TELANGANA: THE BIG RURAL PUSH
The KCR government is pulling out all the stops to beef up rural infrastructure ahead of the 2019 assembly election
Bracing for the assembly polls slated in May 2019, chief minister K. Chandrashekar Rao is pushing to complete infrastructure projects in the state. Reflecting his sense of urgency, cabinet subcommittees have been tasked to expedite development projects, particularly initiatives to benefit the rural population. Declaring intent, information technology minister K.T. Rama Rao and irrigation and legislative affairs minister T. Harish Rao have begun touring the districts to supervise these projects.
In another big push, the state’s power utility is working overtime to ensure 24x7 electricity supply for agriculture. The move, packaged with appeals to farmers to do away with automatic starters on pump sets in order to end wastage, will cost the government an estimated Rs 5,394 crore in a year.
KCR is also racing ahead with Mission Bhagiratha—his 2014 poll promise to bring piped drinking water and Internet connectivity to every home in the state’s 24,225 rural homes before the end of 2018. Work is under way to lay optic fibre cables alongside the 169,000 km network of pipelines envisaged as part of the venture.
To ensure availability of water, barrages are under construction on the Godavari at Medigadda, Annram and Sundilla with pump houses at Kannepally, Siripuram and Golivada. Together, the three barrages will utilise 180 thousand million cubic feet (TMC ft) of water and provide irrigation to 1.8 million acres across 13 districts. The annual power consumption of the pump houses is expected to be 4,500 megawatts. The government is installing flow-control valves to check misuse or wastage of water. Attempts to draw more than the prescribed limit per household by installing motors will result in a disconnection of supply. Pegged as a ‘game changer’, KCR has declared that his party will not seek votes in 2019 if he fails to complete Mission Bhagiratha.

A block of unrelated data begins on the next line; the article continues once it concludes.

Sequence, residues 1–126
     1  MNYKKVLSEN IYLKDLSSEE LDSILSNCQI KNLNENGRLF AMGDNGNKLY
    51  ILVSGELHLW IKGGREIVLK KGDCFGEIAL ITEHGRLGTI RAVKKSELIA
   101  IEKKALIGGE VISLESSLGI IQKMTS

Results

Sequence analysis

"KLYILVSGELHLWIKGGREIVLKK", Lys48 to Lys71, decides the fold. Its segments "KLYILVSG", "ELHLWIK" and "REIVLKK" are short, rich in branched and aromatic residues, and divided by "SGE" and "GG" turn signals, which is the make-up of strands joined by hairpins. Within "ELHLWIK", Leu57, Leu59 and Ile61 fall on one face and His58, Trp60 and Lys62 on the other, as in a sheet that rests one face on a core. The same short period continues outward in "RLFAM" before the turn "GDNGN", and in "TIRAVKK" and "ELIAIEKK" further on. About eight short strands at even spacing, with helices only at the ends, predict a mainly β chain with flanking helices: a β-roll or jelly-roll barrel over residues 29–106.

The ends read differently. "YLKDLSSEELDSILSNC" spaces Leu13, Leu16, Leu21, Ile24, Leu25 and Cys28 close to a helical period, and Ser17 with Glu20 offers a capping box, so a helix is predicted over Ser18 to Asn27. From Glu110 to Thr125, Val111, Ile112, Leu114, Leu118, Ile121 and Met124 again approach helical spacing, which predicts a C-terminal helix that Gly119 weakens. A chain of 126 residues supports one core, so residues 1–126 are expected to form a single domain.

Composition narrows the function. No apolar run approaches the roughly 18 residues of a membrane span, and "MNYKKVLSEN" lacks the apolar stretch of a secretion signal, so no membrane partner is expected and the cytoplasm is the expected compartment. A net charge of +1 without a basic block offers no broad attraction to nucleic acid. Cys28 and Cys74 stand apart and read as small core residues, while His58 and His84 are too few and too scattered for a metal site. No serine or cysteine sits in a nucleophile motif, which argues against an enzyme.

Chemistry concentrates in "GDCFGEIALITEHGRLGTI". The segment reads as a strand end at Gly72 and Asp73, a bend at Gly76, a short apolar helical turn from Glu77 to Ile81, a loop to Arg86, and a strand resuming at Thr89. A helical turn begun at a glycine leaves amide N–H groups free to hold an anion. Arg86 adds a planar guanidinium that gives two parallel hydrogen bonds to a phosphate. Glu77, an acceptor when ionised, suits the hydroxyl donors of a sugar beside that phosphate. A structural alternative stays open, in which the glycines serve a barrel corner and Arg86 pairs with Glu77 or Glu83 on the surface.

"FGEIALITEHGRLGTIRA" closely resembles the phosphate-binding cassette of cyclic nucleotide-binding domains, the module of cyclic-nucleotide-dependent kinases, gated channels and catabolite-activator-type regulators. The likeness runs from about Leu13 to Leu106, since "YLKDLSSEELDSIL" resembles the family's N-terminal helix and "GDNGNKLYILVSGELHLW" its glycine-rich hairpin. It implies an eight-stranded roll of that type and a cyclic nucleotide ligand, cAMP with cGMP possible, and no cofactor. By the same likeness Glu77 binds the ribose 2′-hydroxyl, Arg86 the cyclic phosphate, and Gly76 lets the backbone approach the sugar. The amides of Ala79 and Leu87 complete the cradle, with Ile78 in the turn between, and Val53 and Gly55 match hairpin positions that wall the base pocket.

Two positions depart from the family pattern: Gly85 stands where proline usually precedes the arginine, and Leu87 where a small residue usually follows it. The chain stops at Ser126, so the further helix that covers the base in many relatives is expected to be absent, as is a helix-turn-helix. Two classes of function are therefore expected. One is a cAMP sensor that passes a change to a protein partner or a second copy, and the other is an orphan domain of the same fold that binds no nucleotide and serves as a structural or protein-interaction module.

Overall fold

Meanwhile, the revenue authorities are close to completing an intensive survey of the rural and urban land records to issue all owners security-enabled pattedar passbooks before Ugadi, the Telugu New Year, on March 18. This extensive database will be used to disburse KCR’s promise of Rs 4,000 per acre agricultural grant to farmers. “If farmers are happy, the rural economy will thrive and the state will be happy,” says the chief minister, who has, for the first time, assured minimum support prices for all farm produce. With a total of 14.2 million
KCR SAYS HIS PARTY WILL NOT SEEK VOTES IN 2019 IF MISSION BHAGIRATHA FAILS
acres land under cultivation, the state government will have to provide for Rs 5,685 crore to 7.2 million farmers as ‘investment support to agriculture’ every cropping season.
This is not all. Work is under way on drafting a new law that will give greater power and funds to the panchayats. The new law will make regular and timebound gram sabha meetings mandatory while giving them direct access to funds for drinking water, domestic power supply, sanitation and street lighting. And in order to make the village councils more representative, members will be co-opted from other local bodies, including cooperative societies and the various local self-help groups.
KCR also plans to hold panchayat elections later this year as a ‘test run’ for the assembly polls in 2019.
IN POLL MODE The CM inspecting work at the Sundilla barrage